Paladin's Hope by T. Kingfisher (The Saint of Steel #3)

Piper is a lich-doctor, a physician who works among the dead, determining causes of death for the city guard's investigations. It's a peaceful, if solitary profession…until the day when he's called to the river to examine the latest in a series of mysterious bodies, mangled by some unknown force.

 Galen is a paladin of a dead god, lost to holiness and no longer entirely sane. He has long since given up on any hope of love. But when the two men and a brave gnole constable are drawn into the web of the mysterious killer, it's Galen's job to protect Piper from the traps that await them.

 He's just not sure if he can protect Piper from the most dangerous threat of all…

TITLE: Paladin's Hope
AUTHOR: T. Kingfisher
PUBLISHER: Red Wombat Studio
YEAR: 2021
LENGTH: 300 pages
AGE: Adult
GENRE: Fantasy, Romance

General Vibe: Book1 with Book2

Queer Rep Summary: Gay/Achillean Main Character(s), Trans Minor Character(s).

PALADIN'S HOPE features Galen, one of the paladins of the (now dead) Saint of Steel. He appears in the first two books in the series but now gets a story of his own. The main story is entirely new, as Earstripe the guard-gnole requests that Galen and the lich-doctor, Piper, help him find out the cause of several mysterious and violent deaths (which are both introduced and resolved). Very late in the book I figured out that this wraps up some things left hanging from other White Rat books, not just the first two Saint of Steel books (though it does that as well). The epilogue, in particular, exists to show the state of Galen and Piper's relationship some time after the main story, and to continue the underlying thread of the death of the Saint of Steel. It leaves the book on a bit of a cliffhanger, but one related to the general course of the series and not to the central plot of the book. 

Galen and Piper are both new narrators, though Galen is consistent with his previous appearances as a secondary character. The main story would make sense for someone who started here without reading the rest of the series or any other White Rat books, but the epilogue in particular will make much more sense for someone who has read the first two books. There's a pretty cool character detail to delight anyone who read THE WONDER ENGINE, and the return of a couple of characters who first appeared in SWORDHEART, but these connections aren't necessary for understanding most of the book. It is the strongest entry in the ongoing thread of greater understanding between gnoles and humans, or at least between some specific gnoles and a few humans. Until now it seems like gnoles have been doing most of the understanding, so it's nice to see things start to shift.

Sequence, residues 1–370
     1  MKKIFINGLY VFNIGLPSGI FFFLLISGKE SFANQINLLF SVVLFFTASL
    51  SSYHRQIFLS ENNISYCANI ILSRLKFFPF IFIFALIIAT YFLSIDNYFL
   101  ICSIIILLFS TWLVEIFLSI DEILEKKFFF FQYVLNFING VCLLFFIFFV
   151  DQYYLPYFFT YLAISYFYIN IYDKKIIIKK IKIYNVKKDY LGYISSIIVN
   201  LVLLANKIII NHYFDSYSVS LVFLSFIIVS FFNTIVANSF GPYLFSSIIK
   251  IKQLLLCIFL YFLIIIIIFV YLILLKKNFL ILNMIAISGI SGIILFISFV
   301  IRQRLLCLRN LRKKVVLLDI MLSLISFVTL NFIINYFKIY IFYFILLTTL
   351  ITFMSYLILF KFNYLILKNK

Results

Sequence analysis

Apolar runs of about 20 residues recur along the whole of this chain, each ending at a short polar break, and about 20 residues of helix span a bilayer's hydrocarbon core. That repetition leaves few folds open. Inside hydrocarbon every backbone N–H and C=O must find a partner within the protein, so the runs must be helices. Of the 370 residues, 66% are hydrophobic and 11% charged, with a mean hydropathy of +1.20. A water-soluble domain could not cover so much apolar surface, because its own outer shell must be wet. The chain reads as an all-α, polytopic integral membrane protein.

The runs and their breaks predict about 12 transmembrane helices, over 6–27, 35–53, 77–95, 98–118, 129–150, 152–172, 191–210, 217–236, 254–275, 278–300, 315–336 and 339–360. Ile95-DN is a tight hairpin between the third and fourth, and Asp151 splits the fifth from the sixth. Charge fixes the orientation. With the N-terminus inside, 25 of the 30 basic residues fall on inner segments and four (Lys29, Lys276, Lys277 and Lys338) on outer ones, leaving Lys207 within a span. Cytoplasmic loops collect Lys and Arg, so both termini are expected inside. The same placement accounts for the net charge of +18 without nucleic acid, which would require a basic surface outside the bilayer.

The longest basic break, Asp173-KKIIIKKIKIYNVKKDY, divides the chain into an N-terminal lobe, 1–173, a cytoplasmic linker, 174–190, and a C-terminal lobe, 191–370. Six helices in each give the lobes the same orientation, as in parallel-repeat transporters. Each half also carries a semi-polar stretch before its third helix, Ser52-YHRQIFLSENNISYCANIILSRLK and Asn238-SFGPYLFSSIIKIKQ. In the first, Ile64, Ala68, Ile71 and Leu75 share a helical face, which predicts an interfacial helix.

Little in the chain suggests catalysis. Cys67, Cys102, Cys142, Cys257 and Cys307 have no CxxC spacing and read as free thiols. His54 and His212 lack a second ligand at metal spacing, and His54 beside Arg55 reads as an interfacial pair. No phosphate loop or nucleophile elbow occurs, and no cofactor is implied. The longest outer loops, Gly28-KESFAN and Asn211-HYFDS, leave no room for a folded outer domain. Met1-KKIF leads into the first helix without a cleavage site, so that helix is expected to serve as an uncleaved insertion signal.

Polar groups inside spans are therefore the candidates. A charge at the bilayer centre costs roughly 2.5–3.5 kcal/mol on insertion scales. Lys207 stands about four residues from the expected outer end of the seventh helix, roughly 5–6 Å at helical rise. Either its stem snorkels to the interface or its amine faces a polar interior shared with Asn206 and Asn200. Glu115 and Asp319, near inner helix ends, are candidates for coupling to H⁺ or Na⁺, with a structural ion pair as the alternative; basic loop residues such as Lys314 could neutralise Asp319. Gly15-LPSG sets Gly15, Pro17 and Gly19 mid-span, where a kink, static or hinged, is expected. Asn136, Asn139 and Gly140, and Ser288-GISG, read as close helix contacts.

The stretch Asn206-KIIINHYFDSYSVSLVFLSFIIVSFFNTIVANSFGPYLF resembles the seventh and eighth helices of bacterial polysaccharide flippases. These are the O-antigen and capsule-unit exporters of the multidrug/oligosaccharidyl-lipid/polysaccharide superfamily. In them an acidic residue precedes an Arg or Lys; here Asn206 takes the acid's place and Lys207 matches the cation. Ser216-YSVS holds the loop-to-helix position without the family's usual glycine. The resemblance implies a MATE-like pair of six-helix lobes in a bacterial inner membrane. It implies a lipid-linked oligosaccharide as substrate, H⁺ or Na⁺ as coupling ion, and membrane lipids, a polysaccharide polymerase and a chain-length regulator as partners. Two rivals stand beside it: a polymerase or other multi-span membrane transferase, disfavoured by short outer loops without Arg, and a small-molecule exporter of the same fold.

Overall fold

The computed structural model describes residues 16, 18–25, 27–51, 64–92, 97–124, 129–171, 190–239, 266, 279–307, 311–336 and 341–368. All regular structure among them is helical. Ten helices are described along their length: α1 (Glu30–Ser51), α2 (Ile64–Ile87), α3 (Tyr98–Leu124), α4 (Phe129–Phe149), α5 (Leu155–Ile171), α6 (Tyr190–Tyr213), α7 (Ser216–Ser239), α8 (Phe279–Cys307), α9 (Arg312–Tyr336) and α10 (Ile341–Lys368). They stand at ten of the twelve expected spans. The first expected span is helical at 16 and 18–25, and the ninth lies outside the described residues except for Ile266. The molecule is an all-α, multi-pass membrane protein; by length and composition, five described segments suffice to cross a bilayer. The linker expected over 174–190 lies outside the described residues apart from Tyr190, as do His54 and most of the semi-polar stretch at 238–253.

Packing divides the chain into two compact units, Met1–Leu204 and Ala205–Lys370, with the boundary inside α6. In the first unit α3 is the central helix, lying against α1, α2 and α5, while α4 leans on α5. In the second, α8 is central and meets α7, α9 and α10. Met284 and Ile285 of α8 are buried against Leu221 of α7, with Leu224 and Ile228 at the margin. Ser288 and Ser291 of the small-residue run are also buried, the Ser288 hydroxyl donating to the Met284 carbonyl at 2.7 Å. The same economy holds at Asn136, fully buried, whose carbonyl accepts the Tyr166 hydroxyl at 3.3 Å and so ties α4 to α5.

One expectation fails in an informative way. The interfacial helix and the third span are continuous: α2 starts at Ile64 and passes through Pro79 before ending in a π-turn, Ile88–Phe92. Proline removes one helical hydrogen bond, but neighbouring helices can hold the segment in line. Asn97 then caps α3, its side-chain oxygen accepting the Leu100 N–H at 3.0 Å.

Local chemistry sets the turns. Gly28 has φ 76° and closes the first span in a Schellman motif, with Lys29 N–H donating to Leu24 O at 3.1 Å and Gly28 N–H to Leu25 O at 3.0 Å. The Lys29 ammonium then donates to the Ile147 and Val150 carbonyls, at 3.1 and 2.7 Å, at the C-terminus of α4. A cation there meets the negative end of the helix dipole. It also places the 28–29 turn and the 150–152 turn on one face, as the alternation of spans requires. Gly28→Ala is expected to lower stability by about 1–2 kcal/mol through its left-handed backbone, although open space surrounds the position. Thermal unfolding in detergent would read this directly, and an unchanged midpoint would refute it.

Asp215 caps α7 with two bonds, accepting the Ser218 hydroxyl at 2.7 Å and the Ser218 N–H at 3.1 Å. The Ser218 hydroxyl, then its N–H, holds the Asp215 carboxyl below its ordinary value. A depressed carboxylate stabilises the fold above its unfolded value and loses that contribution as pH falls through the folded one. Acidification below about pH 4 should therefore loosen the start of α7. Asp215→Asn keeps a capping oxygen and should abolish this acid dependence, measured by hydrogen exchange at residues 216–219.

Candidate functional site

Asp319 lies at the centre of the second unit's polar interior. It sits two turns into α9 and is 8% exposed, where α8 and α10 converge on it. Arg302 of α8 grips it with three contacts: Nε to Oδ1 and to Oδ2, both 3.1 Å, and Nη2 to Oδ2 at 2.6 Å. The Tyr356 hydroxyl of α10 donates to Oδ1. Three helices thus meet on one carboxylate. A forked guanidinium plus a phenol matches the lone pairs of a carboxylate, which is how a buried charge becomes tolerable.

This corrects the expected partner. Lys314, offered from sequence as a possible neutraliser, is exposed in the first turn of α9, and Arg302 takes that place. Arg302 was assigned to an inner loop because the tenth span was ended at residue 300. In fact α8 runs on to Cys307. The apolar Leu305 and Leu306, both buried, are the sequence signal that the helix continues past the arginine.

The worldbuilding focuses on gnole/human interactions and the details of the place where they find themselves. It's a character-focused story, but the setting is specific and growing more detailed with each new entry in the White Rat books.

Galen is a brooding paladin, but a very different flavor of one from either Stephen or Istvhan. He has nightmares which can trigger the battle-tide if he's touched in his sleep. The warning that Galen should not be touched in his slumber has been consistent in the series so far, and now we get his side of that burden. Piper works with the dead, a profession which most people find distasteful. The pace of their relationship has an entirely different flavor from the first two books. It takes place over a fairly short period of time, with the main action confined to a day or two. The restricted but fascinating setting acts as a crucible where Galen, Piper, and Earstripe spend a lot of time together under very stressful circumstances. They don't have quite as much trouble figuring out whether that the other person is interested (at least not for long), but are trying to figure out whether this is a fling or if it can be something more long-term once they're not in mortal danger.

I enjoyed the different pace of this one and am excited for more entries in the series.

Graphic/Explicit CW for sexual content, mental illness, blood, gore, violence, injury detail, medical content, medical trauma, death.

Moderate CW for racism, alcohol, murder, child death.

Minor CW for ableist language, panic attacks/disorders, pregnancy, suicidal thoughts, fire, torture, slavery, parental death.

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